2.B.4 Entering the Spiritual Life: the Spiritual Path of Zen, presented by Ruben Habito

I . a) What is Zen?

— “beginner’s mind”
— “paying attention”
— “awakening to the dynamic reality of each present moment”

b) Looking at the ideogram: =holy, numinous, + simple

c)  Four Marks: “special transmission outside of Scriptures, not relying on words or letters, transmitted directly from teacher to disciple, seeing into one’s true nature and becoming Buddha (awakened)”

d) Taking the path of Zen: posture, breathing, calming the mind

— basic posture: seated meditation (zazen)

e) Three Fruits of Zen

—“samādhi”=finding one’s center and reconnecting, learning to live at the core of one’s being

— “seeing into one’s true nature”==illumination into the nature of reality as interconnected with all beings= the wisdom of the Buddha (awakened One)

— “embodying the peerless way”==living one’s day to day life in the light of this interconnectedness== life poured out into compassion, in service of others

f)  The above fruits, as corresponding with the three “stages” (or intertwining aspects) of the spiritual path:

—purification, or purgation – filtered, attentive life; less driven by impulses

—illumination – the glimpse into the holy mystery – seeing into one’s true nature – the infinite

—union – embodying the awakening in daily life, seeing the presence of the holy in everything – compassion

Spirituality = The core of the human being, where one encounters the transcendent – the holy mystery, vertically; the connectedness to one another, horizontally.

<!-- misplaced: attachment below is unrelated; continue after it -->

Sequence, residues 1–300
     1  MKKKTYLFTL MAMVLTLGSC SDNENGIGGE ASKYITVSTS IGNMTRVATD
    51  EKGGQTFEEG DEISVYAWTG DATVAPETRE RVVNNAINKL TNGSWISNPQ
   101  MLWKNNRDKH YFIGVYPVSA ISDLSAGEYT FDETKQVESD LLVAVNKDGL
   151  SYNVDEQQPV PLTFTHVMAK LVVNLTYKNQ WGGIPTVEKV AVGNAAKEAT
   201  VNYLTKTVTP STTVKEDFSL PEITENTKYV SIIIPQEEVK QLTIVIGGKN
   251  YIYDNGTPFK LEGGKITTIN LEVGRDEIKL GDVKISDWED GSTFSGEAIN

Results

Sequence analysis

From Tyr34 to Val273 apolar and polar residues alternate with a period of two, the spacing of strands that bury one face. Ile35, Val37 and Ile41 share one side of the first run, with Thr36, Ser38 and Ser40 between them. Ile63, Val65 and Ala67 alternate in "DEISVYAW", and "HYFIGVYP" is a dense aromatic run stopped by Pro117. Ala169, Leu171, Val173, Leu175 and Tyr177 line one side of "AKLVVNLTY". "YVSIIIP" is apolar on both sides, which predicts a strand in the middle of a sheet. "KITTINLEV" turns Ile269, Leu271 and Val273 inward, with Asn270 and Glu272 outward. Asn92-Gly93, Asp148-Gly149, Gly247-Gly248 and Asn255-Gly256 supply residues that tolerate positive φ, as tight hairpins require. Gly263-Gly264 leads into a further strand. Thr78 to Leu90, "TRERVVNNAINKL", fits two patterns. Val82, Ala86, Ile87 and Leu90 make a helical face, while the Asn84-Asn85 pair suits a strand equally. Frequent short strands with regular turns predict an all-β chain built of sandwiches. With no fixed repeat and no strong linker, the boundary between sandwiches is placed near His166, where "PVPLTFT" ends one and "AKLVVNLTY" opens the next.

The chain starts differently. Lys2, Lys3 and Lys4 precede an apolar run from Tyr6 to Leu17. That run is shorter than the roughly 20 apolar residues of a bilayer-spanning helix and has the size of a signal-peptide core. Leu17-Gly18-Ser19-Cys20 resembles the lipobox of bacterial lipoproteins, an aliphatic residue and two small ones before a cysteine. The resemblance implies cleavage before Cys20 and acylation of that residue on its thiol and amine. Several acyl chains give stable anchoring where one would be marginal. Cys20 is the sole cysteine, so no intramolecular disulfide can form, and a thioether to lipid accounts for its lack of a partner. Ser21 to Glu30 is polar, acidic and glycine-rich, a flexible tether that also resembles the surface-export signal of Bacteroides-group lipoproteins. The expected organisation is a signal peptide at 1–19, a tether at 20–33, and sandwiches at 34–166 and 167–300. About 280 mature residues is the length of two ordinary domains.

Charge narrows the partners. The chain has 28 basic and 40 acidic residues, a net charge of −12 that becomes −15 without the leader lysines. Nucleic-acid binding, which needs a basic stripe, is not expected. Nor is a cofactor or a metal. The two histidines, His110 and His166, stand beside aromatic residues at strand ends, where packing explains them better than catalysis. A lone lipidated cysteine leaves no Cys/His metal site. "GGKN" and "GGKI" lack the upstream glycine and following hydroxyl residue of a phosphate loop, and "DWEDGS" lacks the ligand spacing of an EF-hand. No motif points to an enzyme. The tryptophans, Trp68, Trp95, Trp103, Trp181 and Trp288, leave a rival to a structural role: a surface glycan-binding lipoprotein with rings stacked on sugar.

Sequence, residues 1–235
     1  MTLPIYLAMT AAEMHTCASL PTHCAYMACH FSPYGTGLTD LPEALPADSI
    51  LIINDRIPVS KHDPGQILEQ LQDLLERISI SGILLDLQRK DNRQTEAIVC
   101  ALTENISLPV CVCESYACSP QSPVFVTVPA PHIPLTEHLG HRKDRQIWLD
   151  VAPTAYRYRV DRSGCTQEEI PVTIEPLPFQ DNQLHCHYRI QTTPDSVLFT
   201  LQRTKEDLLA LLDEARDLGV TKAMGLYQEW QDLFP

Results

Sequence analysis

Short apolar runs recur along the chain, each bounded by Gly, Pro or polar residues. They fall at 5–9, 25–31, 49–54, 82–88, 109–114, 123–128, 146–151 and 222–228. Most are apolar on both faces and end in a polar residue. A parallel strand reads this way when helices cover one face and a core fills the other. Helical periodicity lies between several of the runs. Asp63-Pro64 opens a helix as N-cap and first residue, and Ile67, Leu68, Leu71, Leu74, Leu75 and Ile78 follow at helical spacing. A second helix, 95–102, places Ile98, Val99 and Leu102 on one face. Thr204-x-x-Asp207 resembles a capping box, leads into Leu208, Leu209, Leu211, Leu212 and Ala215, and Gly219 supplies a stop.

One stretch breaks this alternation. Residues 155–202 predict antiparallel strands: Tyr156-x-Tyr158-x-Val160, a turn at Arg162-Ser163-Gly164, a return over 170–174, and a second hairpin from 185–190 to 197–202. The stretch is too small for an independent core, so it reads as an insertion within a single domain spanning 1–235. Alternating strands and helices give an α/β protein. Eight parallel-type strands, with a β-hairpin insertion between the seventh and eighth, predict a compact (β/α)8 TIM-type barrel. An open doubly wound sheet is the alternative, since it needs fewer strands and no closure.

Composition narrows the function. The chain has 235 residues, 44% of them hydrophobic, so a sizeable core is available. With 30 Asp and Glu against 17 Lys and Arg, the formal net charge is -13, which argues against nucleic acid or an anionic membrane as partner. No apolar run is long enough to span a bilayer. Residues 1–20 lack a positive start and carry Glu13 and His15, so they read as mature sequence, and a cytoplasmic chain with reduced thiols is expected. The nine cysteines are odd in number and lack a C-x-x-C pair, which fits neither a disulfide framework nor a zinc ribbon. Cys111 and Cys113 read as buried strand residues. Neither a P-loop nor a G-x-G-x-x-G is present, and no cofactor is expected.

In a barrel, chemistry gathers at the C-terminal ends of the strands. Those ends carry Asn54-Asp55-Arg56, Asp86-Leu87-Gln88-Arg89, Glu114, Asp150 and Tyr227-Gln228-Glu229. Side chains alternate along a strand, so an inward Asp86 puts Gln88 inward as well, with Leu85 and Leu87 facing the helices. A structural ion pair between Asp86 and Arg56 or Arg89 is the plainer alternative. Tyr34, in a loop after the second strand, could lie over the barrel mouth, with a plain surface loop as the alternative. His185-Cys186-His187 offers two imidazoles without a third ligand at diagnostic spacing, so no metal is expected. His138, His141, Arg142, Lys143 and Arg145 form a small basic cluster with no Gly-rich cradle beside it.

II. Textual Study

a) The Koan “Mu” (No. 1 in the collection,  Mumonkan (Wumenguan) (Gateless Gate)

b) Hakuin’s Song of Zazen

Ruben L.F. Habito
Maria Kannon Zen Center
Dallas, Texas

Texts for Study: Zen Buddhism

  1. The Koan ( a public case) on “Mu”

Case: A monk asked Joshu(Zen master) in all earnestness, “Does a dog have Buddha Nature or not?”

Joshu said, “Mu.” (can be read as ‘no way’ but the master is neither denying or affirming)

Verse on the case:

Dog, Buddha Nature – all beings have the Buddha nature – the ‘true self’

Perfect Manifestation, Absolute Command

A little “has” or “has not,” and life is lost, body is lost.

(The Gateless Gate, by Koun Yamada, Boston, MA: Wisdom Publications, 2004.)

Nyojo (Ch. Rujing, 12-13th century China, Teacher of Zen Master Dogen, thirteenth century Japan) on how to apply this kōan in practice:

“When thoughts are flying around your mind in confusion, what do you do? ‘A dog’s Buddha-nature? No (Mu).’ This one word No (Mu) is an iron broom: Where you sweep there is a lot of flying around, and where there is a lot of flying around, you sweep. The more you sweep, the more there is. At this point where it is impossible to sweep, you throw your whole life into sweeping. Keep your spine straight day and night, and do not let your courage flag. All of a sudden you sweep away the totality of space, and all differentiations are clearly penetrated, so the source and its meanings become evident.” (No Barrier: Unlocking the Zen Koan, by Thomas Cleary, New York: Bantam, 1993)

Master Torei (eighteenth century Japan, Hakuin’s Primary heir) on how to approach the “mu” koan:

If thoughts are flying around, consider this story: “Does a dog have buddha-nature? No.” Bring it to mind directly, and don’t interpret it logically. Don’t interpret it as flavorless, don’t interpret it as nothing. If you conceive any logical understanding, you’ll never complete the work. But don’t develop an illogical mind either. Logic and no logic are after all random ideas. Just bring it up and look at it. It has nothing to do with interpretations; it is the real way of practice of the Buddhas. Continue moment to moment, whether speaking or silent, active or quiet, walking, standing, sitting, and lying down—do not forget it! Or if you occasionally forget, don’t lose power..

This is like learning archery—it takes a long, long time to hit the bull’s-eye. Just develop the will to persevere; be careful not to flag and slack. If you give up this teaching, by what teaching will you attain liberation? (The Undying Lamp of Zen, The Testament of Zen Master Torei, tr. Thomas Cleary, New York: Random House, 2010)